What is the best 529 plan for me?

What is the best 529 plan for me?


What is the best 529 plan for me?


Lyman provides a good summary of what to look for in a 529 plan. Some additional thoughts:

1.  If the beneficiary of the plan you set up elects not to attend college you can move those funds to another person in the same generation.   

2.  You can move 529 funds from one state to another once per year.

3.  There are international institutions which are qualified institutions for 529 tax benefits

4.  Use the direct sold programs and a reliable name like Vanguard works well.

5.  Sometimes 529 plans, because of their lack of flexibility, are not the best way to save for future educational expenses.  I often use zero coupon or coupon bearing CA municipal bonds where the interest is double tax free and the parents control the funds and as well the future use of the funds.  Stuff happens so flexibility is important to consider.

6.  Another good alternative offering many of the same advantage of municipal bonds are Roth IRA accounts and contributions assuming you are eligible to contribute.  Any principal contribution that are non-conversion Roth's can be used anytime for any purpose.  This is not true for Roth conversion funds.

7.  An excellent website I recommend is www.finaid.org to answer all questions in regard to funding educational expenses.


With the cost of college continuing to soar, many parents worry a great deal about how to afford it.  A 529 plan is a great start for most parents and even grandparents.  Some things to consider are:

·  Start saving early.

·  Consult your tax accountant to see if your specific state offers a state tax deduction.

·  Compare the fees associated with different plans.  Since saving for college tends to be a long-term investment, fees can make a big difference over long time horizons. 

·  Choose a plan that offers a wide range of investment options. 


If your state offers a tax benefit, is usually best to find a plan from your state. Not all states require you to use their plan. You can easily find specific state tax benefits here:


If your state does not offer a tax benefit, look for low cost funds and good fund choices. Vanguard is a good option here. 


I would suggest the one with the lowest cost. Consider using ones that have index funds since these accounts typically have a limited choice of funds so if an active manager does not perform well you may not have many choices to replace them with from within the limited stable of choices. Expenses therefore become the most important element in the decision process. You may also want to see if the 529 plan within the state you reside has some special advantages for you. For example in NY you can get a state income tax dedcution for your contributions to NY's plan. That is a significant benefit.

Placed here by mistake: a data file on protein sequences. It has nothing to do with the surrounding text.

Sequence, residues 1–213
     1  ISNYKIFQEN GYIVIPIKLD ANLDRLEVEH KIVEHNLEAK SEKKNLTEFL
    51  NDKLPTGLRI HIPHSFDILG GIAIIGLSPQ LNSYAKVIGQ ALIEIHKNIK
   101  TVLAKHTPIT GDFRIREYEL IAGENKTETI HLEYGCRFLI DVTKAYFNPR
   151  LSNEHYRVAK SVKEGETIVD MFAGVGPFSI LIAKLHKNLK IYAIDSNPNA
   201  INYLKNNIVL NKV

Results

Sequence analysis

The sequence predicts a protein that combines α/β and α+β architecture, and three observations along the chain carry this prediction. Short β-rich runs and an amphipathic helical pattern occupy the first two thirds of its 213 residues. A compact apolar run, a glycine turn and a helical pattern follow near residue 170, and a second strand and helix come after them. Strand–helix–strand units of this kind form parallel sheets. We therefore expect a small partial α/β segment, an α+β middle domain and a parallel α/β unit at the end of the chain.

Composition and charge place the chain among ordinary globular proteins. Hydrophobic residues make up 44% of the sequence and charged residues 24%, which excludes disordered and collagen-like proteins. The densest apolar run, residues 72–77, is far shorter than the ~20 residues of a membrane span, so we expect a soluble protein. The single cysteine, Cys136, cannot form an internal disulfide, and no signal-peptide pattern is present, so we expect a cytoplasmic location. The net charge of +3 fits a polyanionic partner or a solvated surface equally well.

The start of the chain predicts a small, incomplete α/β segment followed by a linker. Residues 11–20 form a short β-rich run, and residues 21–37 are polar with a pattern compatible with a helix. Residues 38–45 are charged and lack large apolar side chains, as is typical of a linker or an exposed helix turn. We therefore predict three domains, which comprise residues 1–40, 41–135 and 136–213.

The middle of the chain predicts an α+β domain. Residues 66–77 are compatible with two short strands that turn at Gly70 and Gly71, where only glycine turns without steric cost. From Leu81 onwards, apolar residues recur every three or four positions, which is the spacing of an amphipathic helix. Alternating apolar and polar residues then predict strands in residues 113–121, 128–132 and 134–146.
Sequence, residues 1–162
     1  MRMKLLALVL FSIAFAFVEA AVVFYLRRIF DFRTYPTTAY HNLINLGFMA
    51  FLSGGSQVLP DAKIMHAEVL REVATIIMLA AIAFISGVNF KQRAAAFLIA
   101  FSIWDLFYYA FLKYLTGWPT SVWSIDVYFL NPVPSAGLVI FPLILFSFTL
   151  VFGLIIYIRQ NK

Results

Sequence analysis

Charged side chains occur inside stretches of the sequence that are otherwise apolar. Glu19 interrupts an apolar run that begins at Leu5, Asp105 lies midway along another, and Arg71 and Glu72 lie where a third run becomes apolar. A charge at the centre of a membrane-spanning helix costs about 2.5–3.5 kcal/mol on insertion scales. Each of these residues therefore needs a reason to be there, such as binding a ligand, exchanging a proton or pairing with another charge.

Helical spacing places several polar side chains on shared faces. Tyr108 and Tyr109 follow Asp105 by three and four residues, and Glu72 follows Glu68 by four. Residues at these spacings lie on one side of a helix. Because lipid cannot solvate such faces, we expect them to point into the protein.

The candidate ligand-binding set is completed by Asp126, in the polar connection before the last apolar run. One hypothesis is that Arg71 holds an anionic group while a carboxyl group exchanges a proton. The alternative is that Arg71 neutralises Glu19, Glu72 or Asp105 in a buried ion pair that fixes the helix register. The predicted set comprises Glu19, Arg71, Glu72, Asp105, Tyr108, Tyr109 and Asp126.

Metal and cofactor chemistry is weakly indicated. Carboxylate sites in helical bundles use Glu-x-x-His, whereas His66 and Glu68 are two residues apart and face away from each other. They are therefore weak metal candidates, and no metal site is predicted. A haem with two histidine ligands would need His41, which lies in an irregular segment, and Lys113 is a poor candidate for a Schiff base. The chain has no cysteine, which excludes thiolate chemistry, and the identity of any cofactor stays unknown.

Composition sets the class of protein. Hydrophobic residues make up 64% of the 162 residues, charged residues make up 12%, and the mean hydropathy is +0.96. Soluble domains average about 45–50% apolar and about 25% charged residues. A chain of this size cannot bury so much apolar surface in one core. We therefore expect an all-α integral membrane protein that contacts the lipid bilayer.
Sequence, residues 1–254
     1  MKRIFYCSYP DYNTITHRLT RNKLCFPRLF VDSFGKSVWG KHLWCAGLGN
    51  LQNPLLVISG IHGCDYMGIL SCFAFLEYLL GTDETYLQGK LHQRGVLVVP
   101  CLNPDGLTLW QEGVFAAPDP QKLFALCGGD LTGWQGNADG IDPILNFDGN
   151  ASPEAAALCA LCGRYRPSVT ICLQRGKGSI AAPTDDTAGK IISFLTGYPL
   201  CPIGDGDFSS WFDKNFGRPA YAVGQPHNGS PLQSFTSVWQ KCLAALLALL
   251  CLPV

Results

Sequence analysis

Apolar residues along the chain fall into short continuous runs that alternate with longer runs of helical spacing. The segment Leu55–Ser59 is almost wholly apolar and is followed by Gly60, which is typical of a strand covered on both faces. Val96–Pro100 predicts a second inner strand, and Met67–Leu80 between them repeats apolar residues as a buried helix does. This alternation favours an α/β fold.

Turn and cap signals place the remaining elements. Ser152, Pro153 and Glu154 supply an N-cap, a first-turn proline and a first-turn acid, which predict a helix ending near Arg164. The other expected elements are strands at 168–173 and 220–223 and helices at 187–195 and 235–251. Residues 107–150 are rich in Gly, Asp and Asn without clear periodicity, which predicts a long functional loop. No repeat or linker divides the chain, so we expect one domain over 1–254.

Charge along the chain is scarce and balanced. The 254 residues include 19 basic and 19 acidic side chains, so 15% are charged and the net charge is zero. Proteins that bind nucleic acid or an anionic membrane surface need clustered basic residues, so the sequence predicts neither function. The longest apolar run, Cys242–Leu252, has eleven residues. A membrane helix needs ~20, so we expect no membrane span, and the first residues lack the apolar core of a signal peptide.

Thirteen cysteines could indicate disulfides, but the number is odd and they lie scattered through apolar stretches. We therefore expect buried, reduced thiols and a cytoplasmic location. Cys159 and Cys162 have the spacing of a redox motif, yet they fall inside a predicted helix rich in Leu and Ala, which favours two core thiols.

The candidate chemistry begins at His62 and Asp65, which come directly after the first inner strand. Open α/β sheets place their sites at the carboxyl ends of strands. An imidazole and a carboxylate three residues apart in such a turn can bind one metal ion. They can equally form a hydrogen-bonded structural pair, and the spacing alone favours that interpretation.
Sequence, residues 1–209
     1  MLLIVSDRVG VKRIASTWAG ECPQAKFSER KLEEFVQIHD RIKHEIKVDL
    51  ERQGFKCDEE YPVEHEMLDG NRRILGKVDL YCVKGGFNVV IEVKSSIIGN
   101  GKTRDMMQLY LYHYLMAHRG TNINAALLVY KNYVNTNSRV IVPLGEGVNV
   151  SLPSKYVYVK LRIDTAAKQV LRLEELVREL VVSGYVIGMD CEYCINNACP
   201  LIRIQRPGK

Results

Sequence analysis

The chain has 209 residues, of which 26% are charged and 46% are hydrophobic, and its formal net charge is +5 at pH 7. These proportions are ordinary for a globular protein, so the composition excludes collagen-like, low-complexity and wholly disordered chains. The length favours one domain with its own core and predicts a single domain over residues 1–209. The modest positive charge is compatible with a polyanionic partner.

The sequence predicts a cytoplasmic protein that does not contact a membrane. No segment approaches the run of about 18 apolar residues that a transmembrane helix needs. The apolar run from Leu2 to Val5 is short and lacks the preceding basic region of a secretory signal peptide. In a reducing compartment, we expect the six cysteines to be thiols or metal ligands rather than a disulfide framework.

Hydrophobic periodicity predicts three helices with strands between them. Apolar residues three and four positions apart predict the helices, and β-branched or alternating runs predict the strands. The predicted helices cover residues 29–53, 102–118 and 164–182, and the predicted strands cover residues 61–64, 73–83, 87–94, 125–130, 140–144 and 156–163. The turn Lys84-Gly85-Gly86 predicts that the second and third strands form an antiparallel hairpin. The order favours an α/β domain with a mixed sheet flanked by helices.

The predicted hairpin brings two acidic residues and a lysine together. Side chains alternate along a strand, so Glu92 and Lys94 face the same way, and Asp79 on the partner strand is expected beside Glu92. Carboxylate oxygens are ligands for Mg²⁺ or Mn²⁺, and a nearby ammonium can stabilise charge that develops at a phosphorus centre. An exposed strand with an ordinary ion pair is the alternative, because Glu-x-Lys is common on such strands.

I agree with Stephen, expenses should be viewed as your worst enemy. 

I'd further explain three factors in choosing a plan:

  1. No matter what type of savings plan, it is good to understand your investment options. A 529 plan should offer a variety of investment asset classes including both domestic & foreign choices as well as short and intermediate "high quality" bond fund options. Further, the plan should also offer a safe cash option preferably FDIC insured.  A safe cash option will make sense once you've accumulated the amount needed to pay for your child's education. Overall, the plan you select should ultimately reflect your own personal investment philosophy so you can best understand the risks and stick with the program through good and bad markets.
  2. The lower the costs, the less returns will be reduced by fees. An example of a low fee is 0.25 percent per year. 1.00 percent per year is high. 
  3. Both federal and state tax benefits should be considered. But choosing your own state’s plan should not be your immediate default. Research and compare the tax benefits of various plans and have your CPA, if needed, help you determine how much tax benefit you'd receive for staying within your own state's plan or going elsewhere.  You may be surprised that the income tax deduction isn't worth staying in state (that is assuming your state allows for a deduction). 

Here are a few basic questions that can help you find a good plan:

  • Are the plan's expenses reasonable?
  • How are the plan's funds allocated?
  • What flexibility do you have in building a portfolio with the available funds or in selecting an age-based allocation?
  • If you do select your own state's plan, what happens if you were to move out of your current state?

Good luck with your search.



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